New Albion Featured in Sonoma Press Democrat

by Renee on August 27, 2013

JackDid you see this article in the Sonoma Press Democrat? Thanks to Sean Scully for the column! Here is the text:

An iconic Sonoma County brand name is returning to store shelves thanks to a daughter who wants to carry on her father’s legacy.

Cleveland-based Renee DeLuca says she is hoping to resurrect the legendary New Albion Brewing Co., founded in 1976 in Sonoma but shuttered since 1982, before the end of the year. She has a deal with Ukiah’s Mendocino Brewing Co. to brew the beer, starting with the flagship pale ale, using the original recipe developed by her father, Jack McAuliffe.

“It’s an easy-drinking beer,” she said. “It’s a great gateway beer for people who are just getting into craft beer.”

There was one major independent brewery — Anchor in San Francisco — but owner Fritz Maytag had bought and revitalized an existing brewery. Nobody had built an all-new microbrewery in the U.S. since Prohibition ended four decades before.

McAuliffe, an engineer, set up in an industrial park in Sonoma, making or improvising the parts he needed to make his own beer and building a business model as he went along.

Although New Albion closed after only six years, said historian Maureen Ogle, author of “Ambitious Brew: The Story of American Beer,” the romantic image of an eccentric backyard tinkerer cranking out great beer has become the ideal to which modern brewers aspire, she said, even ones who have never heard of the man who set the mold.

“I think what really matters about Jack,” Ogle said, “is that he showed people, really ordinary people … that it was possible to build a brewery.”

By today’s standards, the New Albion Ale is pretty basic and mild, but in the terms of those days, the pale ale was eye-opening: richer, hoppier and stronger than any of the fizzy, weak mass-market stuff sold in cans.

The beer directly influenced brewers who are now pillars of the craft brew movement, including Sierra Nevada Brewing founder Ken Grossman, whose signature pale ale is something of a descendant of that first pale ale.

DeLuca said if the initial runs of the pale ale are successful, she may resurrect other recipes from her father’s brewing notebook, including his stouts and porters.

Mendocino Brewing CEO Yashpal Singh said it’s not yet clear how much of the New Albion beer will be on the market at first, but he has encouraged DeLuca to start modestly and focus on California.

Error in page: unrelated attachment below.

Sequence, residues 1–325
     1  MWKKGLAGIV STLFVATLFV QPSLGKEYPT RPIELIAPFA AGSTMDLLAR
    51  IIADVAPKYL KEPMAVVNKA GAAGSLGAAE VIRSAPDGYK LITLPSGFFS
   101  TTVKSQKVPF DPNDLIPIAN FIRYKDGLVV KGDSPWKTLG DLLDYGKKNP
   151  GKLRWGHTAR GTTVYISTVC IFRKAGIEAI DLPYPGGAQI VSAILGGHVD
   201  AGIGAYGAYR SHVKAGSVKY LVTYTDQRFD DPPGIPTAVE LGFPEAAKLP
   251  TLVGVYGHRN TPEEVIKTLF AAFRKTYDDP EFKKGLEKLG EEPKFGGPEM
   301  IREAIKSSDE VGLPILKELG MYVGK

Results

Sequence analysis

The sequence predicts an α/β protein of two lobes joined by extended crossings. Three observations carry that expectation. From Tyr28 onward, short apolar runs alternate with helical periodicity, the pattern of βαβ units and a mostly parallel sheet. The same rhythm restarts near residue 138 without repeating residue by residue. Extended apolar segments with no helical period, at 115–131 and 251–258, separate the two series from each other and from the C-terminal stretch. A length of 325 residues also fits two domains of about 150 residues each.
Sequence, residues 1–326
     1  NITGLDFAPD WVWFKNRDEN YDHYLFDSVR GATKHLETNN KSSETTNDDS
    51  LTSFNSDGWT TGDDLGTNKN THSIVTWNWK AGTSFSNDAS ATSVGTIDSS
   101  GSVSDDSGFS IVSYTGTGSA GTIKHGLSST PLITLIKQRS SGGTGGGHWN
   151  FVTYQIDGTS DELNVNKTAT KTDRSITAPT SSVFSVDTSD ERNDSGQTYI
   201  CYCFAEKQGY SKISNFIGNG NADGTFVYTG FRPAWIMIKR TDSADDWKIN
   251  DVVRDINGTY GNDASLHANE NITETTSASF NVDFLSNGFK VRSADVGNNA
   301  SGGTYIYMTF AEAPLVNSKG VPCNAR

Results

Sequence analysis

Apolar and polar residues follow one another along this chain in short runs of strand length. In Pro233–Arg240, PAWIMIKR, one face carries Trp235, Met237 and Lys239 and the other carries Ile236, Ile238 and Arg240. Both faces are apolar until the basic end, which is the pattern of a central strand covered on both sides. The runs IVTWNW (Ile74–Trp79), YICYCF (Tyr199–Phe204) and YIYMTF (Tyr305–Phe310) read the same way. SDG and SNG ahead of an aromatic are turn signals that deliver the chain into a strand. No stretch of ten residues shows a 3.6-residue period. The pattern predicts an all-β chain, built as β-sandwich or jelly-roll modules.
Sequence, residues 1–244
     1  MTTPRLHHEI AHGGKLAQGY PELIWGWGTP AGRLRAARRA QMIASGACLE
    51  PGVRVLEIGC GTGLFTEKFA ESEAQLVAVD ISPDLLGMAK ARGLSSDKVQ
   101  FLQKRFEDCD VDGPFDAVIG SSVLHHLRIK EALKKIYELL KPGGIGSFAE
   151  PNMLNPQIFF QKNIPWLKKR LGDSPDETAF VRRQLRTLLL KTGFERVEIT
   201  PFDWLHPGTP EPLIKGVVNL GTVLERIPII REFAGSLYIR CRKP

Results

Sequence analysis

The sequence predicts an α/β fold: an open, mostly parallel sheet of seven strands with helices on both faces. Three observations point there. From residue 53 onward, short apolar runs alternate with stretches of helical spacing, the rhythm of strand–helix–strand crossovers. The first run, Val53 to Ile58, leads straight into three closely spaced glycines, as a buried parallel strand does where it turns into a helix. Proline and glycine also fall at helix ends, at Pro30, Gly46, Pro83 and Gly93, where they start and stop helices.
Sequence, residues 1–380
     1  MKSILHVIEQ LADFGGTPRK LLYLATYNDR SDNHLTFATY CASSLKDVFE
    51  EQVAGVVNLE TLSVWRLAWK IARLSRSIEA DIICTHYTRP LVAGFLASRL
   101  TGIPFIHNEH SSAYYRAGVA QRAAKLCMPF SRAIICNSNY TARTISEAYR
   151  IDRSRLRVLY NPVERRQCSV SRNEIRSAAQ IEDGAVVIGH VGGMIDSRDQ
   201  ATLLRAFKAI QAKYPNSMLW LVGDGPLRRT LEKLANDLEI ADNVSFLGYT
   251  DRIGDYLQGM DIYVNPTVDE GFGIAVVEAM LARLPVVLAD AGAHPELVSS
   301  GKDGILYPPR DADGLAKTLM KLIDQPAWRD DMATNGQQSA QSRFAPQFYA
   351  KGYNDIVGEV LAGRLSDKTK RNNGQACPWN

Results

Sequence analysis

“That’s where New Albion started and that’s where it is remembered,” he said.

Singh had been quietly lobbying McAuliffe to resurrect the brand, using Mendocino’s equipment, for several years, he said. Mendocino was founded in 1983 using McAuliffe’s old equipment, and even some of the New Albion staff, including McAuliffe himself for a time.

“This is the way we started; it’s part of our structure and heritage … we’d love to do it because we are so connected with New Albion,” he said.

Mendocino still owns McAuliffe’s original equipment, and Singh hopes eventually to restore it to working condition.

McAuliffe himself is long retired and living in Arkansas. He no longer gives interviews, DeLuca said, though he is still an active hobby brewer and has lately been experimenting with distilled spirits.

McAuliffe briefly burst back into the public eye earlier this year when the Boston Beer Co., maker of Sam Adams, revived New Albion Pale Ale for a one-time run. Sam Adams founder Jim Koch had bought the trademark for New Albion years before to protect it from being snagged by mass-market brewers, but decided to activate it only after he finally met McAuliffe in person.

After that single batch of pale ale, Koch gave the trademark back to McAuliffe, who then tapped DeLuca to do something with it.

“We have stewarded the New Albion Brewing Co. trademark since the early 1990s to preserve craft brewing history and are happy that its legacy will be kept alive with the help of Jack McAuliffe’s daughter … To see a new generation of craft drinkers enjoy New Albion Ale today pays great tribute to brewing pioneers, like Jack McAuliffe, who sparked the American craft brewing revolution,” Koch said by email last week.

Curiously, DeLuca and McAuliffe only met about a decade ago. She had been put up for adoption as an infant and only discovered her famous parentage when she went searching for her birth parents as an adult. Today she calls her birth father “Jack.”

As it turns out, DeLuca had long been fascinated by good beer. The marketing and public relations consultant now runs a beer-oriented blog called “The Brewer’s Daughter.”

After she discovered her connection to McAuliffe, she said, “one of the first phrases out of my mouth was ‘I knew I had beer in my blood.’”

Leave a Comment

Previous post:

Next post: